There's a recent (June 8, 2022) article on the website of the Canadian Broadcasting Corporation about the acquisition by the Beaverbrook Art Gallery in Fredericton, New Brunswick, of a large (2 meter, or about 6 feet for my American readers) heraldic stained glass window.
The window was originally installed in 1919 in the Union Street Baptist Church in St. Stephen. However, that building was demolished a few years ago. The church is moving to a new building, and called in a specialist in stained glass restoration, who "discovered" the window as he was restoring the others from the church. As there was no place for this window in the new church building, permission was given to find it a new home. The Beaverbrook Art Gallery was happy to receive it.
The window consists of a landscape and the coat of arms of New Brunswick, and is dedicated to candy-company co-founder and former New Brunswick Lt-Gov. Gilbert White Ganong, who died after less than a year in that office in 1917.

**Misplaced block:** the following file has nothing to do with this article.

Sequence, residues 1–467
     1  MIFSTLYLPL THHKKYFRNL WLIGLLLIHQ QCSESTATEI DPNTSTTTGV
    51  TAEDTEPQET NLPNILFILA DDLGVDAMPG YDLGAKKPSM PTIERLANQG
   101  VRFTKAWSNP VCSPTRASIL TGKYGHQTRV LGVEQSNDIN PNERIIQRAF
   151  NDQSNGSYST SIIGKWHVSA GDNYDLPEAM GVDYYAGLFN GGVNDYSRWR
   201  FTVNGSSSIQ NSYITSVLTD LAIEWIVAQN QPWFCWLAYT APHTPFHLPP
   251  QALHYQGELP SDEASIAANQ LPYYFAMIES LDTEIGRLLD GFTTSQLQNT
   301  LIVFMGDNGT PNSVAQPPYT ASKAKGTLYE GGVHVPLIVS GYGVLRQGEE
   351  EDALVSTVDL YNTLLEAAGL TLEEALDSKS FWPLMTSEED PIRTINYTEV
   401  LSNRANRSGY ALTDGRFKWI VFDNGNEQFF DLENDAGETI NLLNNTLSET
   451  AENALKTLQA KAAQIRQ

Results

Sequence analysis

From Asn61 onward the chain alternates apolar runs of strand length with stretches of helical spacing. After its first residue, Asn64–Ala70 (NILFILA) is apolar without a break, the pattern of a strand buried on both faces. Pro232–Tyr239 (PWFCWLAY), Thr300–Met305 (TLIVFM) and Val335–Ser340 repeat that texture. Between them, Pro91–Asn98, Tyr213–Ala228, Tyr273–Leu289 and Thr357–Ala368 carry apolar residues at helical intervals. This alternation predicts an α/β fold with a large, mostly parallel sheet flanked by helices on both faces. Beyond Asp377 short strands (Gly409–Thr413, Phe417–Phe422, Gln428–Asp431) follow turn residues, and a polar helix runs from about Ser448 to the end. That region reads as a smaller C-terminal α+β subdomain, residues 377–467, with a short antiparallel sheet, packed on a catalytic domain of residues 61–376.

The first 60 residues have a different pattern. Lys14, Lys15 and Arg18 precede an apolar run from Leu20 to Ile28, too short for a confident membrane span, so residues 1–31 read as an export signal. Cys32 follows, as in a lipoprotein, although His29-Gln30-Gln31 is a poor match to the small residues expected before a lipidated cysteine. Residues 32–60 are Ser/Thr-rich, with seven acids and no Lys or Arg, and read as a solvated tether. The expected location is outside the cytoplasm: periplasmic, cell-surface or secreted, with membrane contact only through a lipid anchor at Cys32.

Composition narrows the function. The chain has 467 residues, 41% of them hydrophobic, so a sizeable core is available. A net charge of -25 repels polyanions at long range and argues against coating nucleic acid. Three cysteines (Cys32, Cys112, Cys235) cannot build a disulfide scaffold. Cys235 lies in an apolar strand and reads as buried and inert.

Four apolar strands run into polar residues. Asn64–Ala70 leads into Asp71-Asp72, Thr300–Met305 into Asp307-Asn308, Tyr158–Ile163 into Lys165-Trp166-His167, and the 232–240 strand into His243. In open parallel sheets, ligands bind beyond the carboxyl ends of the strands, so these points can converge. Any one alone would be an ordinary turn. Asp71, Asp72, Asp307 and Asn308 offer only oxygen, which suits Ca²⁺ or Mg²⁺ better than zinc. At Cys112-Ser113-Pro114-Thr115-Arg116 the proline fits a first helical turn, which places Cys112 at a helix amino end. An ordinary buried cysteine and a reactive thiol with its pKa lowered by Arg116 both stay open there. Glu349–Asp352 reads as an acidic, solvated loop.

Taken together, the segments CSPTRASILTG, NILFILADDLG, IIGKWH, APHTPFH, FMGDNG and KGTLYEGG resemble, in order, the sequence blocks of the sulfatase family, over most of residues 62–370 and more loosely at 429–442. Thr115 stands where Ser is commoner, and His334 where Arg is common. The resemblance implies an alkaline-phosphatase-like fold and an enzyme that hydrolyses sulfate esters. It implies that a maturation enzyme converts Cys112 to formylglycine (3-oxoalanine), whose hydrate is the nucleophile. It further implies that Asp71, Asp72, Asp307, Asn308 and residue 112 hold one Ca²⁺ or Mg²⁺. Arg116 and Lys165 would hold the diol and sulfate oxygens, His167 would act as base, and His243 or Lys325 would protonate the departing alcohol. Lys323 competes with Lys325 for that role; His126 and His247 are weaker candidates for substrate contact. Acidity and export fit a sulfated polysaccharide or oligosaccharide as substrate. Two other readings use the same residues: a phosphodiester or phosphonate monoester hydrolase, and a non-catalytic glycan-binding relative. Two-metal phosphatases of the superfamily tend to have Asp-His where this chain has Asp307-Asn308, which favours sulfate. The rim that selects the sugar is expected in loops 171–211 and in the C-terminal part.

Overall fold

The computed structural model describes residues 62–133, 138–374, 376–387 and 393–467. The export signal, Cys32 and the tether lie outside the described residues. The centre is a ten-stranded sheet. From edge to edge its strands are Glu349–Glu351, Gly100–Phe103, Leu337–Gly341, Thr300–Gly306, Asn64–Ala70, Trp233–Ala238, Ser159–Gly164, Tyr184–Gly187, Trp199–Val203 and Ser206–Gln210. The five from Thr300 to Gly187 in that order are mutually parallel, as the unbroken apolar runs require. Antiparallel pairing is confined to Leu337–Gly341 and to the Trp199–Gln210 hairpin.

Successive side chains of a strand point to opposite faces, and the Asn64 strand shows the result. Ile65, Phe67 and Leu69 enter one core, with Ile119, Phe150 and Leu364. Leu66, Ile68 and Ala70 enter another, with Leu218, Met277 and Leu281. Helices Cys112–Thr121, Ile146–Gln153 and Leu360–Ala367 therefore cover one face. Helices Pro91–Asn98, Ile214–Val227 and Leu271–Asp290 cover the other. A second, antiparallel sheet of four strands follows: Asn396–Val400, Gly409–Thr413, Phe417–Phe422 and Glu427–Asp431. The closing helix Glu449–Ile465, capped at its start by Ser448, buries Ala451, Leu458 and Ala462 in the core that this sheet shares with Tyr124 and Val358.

At any event, it's a beautiful piece of stained glass art, not less because of the heraldry it contains. You can read more about this window, its vicissitudes, and its new home on-line at https://www.cbc.ca/news/canada/new-brunswick/beaverbrook-gallery-stained-glass-1.6481926
However, I do have to take issue with one quote from the article. John Leroux, manager of collections and exhibitions at the Gallery, is quoted as saying that "You rarely see heraldry in things like this in church windows."
That may be true enough in Canada; I have not been inside enough churches in Canada to be able to say. But it is most certainly not true of churches in Europe! In support of which statement, I will leave you with the following few representative examples taken in cathedrals and local churches in Scotland, England, Sweden, and Belgium: